Now, there’s no doubt some phones have pretty good cameras and I’m a big fan of the one on my iPhone. I like to use it as a kind of photographic sketchbook or to get a slightly different take on a scene using a creative app like Hipstamatic (you can see a few below). However, I still can’t imagine going on holiday without a "proper" camera, even though I’m wondering if this is now becoming a minority viewpoint. The thing is, of course, the phone is always to hand and such a great multi-tasker on the internet. From a photographic standpoint, this is a notion we have certainly taken to heart - and camera sales prove the point.
Earlier this year the Camera and Imaging Products Association of Japan (CIPA) reported global shipments of fixed lens cameras not just flatlining but in precipitous free fall, down 41 percent in a year, a wipeout largely attributable to our take-up of the phone for our day to day photography. The forecast for camera sales for this year was pretty pessimistic and latest actual figures bear this out; sales of cameras of all types (yes, for the first time, even those fancy mirrorless ones) in all markets except Japan are in decline. Grim reading for camera buffs. So, as we enter the height of the holiday season, I thought I’d issue a plea on behalf of the good old-fashioned camera; if we abandon it completely this can only be to the detriment of our holiday photographs.
In my last post I touched on the merits of being more proactive in order to get better pictures on holiday, of adopting the role of director and guiding the action, if only for twenty minutes or so each day. If that was about approach, then this is about the tools for the job and I do remain a firm believer that if you want to get the best from your holiday photos, you shouldn’t just be relying on your phone for that. So, here are half a dozen reasons why I have been making room in my holiday packing for a camera:
The first, much touted and obvious point is quality, in terms of both capture and resolution but let's move this issue aside for a moment. I think there are equally important but more subtle factors to consider. Let’s start with frame of mind, for instance. We’re so used to carrying our phones all the time, the ubiquity of them clouds our judgement of what actually makes a good time for photography. Picking up a camera, on the other hand, forces us to think photographically about a scene, perhaps even to think about setting something up (there’s the director again) or to look and wait for a moment. I think having a camera at the ready puts me just a bit more on the lookout than merely having my phone in my pocket.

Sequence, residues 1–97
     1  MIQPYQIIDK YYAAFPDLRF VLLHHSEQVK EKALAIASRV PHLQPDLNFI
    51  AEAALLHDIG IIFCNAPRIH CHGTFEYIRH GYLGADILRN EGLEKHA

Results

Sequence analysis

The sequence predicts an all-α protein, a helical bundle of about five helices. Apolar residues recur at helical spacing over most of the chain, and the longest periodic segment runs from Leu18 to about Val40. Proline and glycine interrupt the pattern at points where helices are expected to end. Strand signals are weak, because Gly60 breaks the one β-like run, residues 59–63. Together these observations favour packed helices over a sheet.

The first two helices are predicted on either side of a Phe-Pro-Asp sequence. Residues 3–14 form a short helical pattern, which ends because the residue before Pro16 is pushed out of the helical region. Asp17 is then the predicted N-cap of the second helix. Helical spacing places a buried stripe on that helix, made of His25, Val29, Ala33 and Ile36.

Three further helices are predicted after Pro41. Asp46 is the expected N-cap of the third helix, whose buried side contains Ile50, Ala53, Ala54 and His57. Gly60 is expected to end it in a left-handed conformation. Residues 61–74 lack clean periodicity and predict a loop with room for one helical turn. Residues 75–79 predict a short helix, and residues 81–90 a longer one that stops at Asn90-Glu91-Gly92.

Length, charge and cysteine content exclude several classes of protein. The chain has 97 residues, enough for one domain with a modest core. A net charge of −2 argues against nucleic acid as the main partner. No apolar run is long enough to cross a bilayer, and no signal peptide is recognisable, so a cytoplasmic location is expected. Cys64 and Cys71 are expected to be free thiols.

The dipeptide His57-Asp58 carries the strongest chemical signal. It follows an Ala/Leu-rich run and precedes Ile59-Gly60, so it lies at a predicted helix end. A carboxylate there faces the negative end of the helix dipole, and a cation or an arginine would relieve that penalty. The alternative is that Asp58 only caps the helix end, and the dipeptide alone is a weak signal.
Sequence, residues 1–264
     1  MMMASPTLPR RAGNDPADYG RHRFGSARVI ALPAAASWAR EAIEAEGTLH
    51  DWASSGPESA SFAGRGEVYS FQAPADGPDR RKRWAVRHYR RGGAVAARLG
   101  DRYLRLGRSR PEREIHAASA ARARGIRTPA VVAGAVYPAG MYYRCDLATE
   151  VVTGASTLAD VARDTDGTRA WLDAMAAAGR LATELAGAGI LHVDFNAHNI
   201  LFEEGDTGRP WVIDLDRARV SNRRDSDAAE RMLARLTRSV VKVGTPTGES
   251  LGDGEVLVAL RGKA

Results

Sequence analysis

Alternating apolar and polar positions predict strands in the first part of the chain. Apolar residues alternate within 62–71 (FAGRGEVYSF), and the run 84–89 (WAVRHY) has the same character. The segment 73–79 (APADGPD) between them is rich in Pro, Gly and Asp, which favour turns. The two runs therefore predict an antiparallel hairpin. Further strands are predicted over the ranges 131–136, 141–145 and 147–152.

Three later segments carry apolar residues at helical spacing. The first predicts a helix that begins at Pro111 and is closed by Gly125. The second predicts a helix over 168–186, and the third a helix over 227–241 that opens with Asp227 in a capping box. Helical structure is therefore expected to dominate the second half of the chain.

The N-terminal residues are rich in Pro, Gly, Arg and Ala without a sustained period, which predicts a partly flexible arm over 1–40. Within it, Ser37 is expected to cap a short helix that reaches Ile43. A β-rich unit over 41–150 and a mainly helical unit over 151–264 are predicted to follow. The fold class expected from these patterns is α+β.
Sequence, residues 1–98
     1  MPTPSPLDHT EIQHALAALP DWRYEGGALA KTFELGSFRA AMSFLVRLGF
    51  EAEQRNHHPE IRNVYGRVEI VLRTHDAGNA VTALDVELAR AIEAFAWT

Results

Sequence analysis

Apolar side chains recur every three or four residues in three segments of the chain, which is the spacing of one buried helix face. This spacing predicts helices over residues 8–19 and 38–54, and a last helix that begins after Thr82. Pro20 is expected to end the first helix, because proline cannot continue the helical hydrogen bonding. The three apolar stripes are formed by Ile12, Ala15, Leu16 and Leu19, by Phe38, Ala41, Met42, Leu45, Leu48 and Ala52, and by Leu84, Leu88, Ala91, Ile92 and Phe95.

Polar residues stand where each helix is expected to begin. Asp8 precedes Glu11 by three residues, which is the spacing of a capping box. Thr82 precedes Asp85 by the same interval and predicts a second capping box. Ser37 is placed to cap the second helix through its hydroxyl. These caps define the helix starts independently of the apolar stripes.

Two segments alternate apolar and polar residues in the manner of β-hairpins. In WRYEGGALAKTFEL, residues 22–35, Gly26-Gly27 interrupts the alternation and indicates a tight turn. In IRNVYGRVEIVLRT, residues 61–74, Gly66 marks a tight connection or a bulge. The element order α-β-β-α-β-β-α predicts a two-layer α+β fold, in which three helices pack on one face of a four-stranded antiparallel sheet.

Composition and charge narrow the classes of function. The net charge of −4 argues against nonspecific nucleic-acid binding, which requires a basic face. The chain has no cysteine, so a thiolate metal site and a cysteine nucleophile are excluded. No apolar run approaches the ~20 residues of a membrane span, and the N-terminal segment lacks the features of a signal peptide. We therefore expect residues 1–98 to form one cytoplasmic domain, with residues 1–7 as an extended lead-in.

Then there's artistic expression; I mean this in the sense of recording a scene as you really wish it to be remembered. A camera has a degree more control over this. I’m not talking about the need to be an expert here - a camera just has far more processing power dedicated to addressing the basics of focus and exposure, even in Auto mode. The one thing I find most frustrating with my phone camera is trying to fine tune exposure and that can mean the difference between a glorious sunset and a muddy silhouette.
Let’s not forget the practical side of things, the ergonomics. I love the elegant design of the iPhone, but the qualities that ensure I have it with me all the time are not the qualities that necessarily make it easy to take pictures in certain conditions. Like at 20 knots in a speed boat.
And doesn’t it make you feel a little queasy holding your £600 phone over twelve feet of water, knowing you need it for a conference call later in the afternoon? I know, you would never call the office while on holiday and there are waterproof cases and all sorts of action accessories on the market. Well, in the same way I have never seen anyone not check their phone for emails on holiday, I don’t think I have seen anyone carrying a phone on anything so much as a lanyard either. The fact is the camera on the phone is a periphery on a device designed to handle all our other communications needs so in many circumstances we don’t want to risk using (or losing) it. That definitely compromises the kind of photos we can capture.
What of the photographs themselves? A well set up phone is presumably synching the photos with other devices and backing them up to a cloud service. I worry that’s where they stay, eventually buried with all the other stuff. The act of inserting a card into a camera and retrieving the photos later bears just a little semblance to loading a camera with film. Downloading the images as a discreet project allows for concentrated sorting and then editing the pick of the bunch for sharing and printing. I am not saying this can’t be done with a phone but I do think the process of doing this via a camera is a more photographically complete one, with more controls.
Ah, did I mention quality? There’s no escaping the fact that the tiny little sensor in your phone doesn’t collect as much light and doesn’t output as many pixels as a mid-range camera. While the results may look fine online, what works on Facebook could well fall down when it comes to printing that calendar at the end of the year. If our holiday photos represent our most appealing and enduring memories, then aren't we looking to print some of them?
Don't get me wrong, I love my phone for photography - I'm sure the quality gap will continue to narrow, maybe we're already at a point where it's "good enough". But for the time being, I’m backing mine up with a proper camera, even just a compact one. Happy holidays!